'Death to Arabs' sprayed on Jaffa graves; Molotov cocktail hurled at synagogue
About 200 Arab and Jewish Jaffa residents rally in protest of cemetery desecration, call for an end to violence and racism.
Vandalism in two Arab cemeteries in Jaffa was discovered on Friday afternoon by local residents, the latest in a series of nationalist "price tag" actions, and a Molotov cocktail was hurled at a nearby synagogue last night. No injuries were reported.
Unknown perpetrators spray-painted graffiti on about 25 headstones in one Muslim and one Christian graveyard in the city, including "Death to the Arabs" and "price tag," the latter an apparent reference to the campaign by extremists in the settlement movement.
Other derogatory slogans, however, targeted the Maccabi Haifa sports club and Russians.
This was the second incident of vandalism against Arab targets within Israel with a "price tag" connection, after a mosque in the Galilee Bedouin village of Tuba-Zangaria was set on fire last Sunday night. The entire interior of the mosque was scorched, causing heavy damage, and holy books inside the mosque were burned. "Price tag" was painted on the wall of the mosque.
Meanwhile, on Saturday night, a Molotov cocktail was thrown at the roof of the Rabbi Meir Ba'al Hanes synagogue in Jaffa. The building was empty at the time and there were no reports of injuries.
This happened as about 200 Arab and Jewish Jaffa residents rallied to protest the desecration of the cemeteries and call for an end to violence and racism.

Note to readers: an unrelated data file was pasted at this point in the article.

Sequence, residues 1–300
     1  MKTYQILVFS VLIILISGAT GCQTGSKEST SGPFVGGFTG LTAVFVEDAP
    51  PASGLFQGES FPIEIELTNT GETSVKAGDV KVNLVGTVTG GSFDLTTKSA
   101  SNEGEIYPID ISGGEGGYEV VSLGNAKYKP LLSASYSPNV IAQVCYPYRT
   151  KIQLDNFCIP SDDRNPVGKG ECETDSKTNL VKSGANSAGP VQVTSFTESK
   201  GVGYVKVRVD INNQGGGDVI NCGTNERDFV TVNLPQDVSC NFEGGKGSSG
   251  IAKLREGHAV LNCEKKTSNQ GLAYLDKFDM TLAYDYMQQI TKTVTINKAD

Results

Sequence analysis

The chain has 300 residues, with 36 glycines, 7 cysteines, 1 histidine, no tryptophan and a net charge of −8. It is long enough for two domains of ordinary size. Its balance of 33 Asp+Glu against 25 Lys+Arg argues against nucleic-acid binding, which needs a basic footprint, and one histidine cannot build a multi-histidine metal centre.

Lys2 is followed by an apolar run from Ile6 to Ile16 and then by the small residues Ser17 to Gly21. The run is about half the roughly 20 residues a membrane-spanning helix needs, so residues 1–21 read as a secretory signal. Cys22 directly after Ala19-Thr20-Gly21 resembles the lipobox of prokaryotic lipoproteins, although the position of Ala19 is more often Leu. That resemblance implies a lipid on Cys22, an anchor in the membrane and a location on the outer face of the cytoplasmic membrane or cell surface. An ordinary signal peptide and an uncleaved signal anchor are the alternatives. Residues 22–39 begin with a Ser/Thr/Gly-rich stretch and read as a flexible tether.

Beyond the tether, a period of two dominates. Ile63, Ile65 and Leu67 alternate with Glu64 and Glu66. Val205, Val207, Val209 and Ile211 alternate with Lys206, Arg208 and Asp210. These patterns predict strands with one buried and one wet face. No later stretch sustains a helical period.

Calls in Israel's Arab community for immediate international intervention to protect Muslim and Christian holy sites within Israel have been growing over the past week, in the wake of the two incidents.
Last week, one human rights organization expressed concerns over a possible escalation of similar incidents to diplomats from the United States and the European Union.
A number of human rights groups issued a statement after the cemetery desecration calling on law enforcement authorities to apprehend the perpetrators.
President Shimon Peres last night condemned the defacement of the cemeteries, calling it "a despicable, criminal act that disrespects us and contradicts the moral values of Israeli society."
In a statement released by the President's Office, Peres called on law enforcement officials to do "their utmost" to catch the criminals and bring them to swift justice.
Tel Aviv-Jaffa Mayor Ron Huldai also condemned the desecration of the graves, saying "It is particularly sad that precisely on Yom Kippur there are extremists trying to damage the delicate fabric of coexistence in Tel Aviv-Jaffa," Huldai said. "I hope the police catch the criminals and prosecute them."
Sheikh Saliman Setel, head of the Southern Branch of the Islamic Movement for Jaffa, said the city's Arab residents will convene on Sunday to discuss how to respond to the vandalism.
"There is a very bad feeling. If someone hurts your faith, how would you feel?" he said. "All of us, all of Jaffa's Arab residents, Muslim and Christian, denounce this act. The police must know who who did this. It isn't the first time something like this has happened. Sometimes stones are thrown at mosques, sometimes people go into graveyards and do damage," he said.
The president of the Islamic Movement in Jaffa, Sheikh Ahmed Abu Ajwa, said, "This is an attempt by extremists to incite the Arab masses," and called for calm.
MK Ibrahim Sarsur, United Arab List-Ta'al party leader, called on the perpetrators to stop their racist attacks.
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